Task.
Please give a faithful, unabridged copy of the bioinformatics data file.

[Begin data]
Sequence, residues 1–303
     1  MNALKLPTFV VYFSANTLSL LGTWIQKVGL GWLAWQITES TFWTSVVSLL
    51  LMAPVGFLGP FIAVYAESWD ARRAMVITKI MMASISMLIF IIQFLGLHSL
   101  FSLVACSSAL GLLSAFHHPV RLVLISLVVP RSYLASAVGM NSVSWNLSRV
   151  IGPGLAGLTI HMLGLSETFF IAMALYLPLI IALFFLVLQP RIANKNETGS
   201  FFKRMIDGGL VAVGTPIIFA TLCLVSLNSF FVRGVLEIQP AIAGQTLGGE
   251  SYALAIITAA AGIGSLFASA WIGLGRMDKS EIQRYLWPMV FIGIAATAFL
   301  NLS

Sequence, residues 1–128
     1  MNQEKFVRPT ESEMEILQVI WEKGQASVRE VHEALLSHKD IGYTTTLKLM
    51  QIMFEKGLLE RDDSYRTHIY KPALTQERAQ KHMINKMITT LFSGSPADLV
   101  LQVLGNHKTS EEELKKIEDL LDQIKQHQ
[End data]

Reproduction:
Sequence, residues 1–303
     1  MNALKLPTFV VYFSANTLSL LGTWIQKVGL GWLAWQITES TFWTSVVSLL
    51  LMAPVGFLGP FIAVYAESWD ARRAMVITKI MMASISMLIF IIQFLGLHSL
   101  FSLVACSSAL GLLSAFHHPV RLVLISLVVP RSYLASAVGM NSVSWNLSRV
   151  IGPGLAGLTI HMLGLSETFF IAMALYLPLI IALFFLVLQP RIANKNETGS
   201  FFKRMIDGGL VAVGTPIIFA TLCLVSLNSF FVRGVLEIQP AIAGQTLGGE
   251  SYALAIITAA AGIGSLFASA WIGLGRMDKS EIQRYLWPMV FIGIAATAFL
   301  NLS

Sequence, residues 1–128
     1  MNQEKFVRPT ESEMEILQVI WEKGQASVRE VHEALLSHKD IGYTTTLKLM
    51  QIMFEKGLLE RDDSYRTHIY KPALTQERAQ KHMINKMITT LFSGSPADLV
   101  LQVLGNHKTS EEELKKIEDL LDQIKQHQ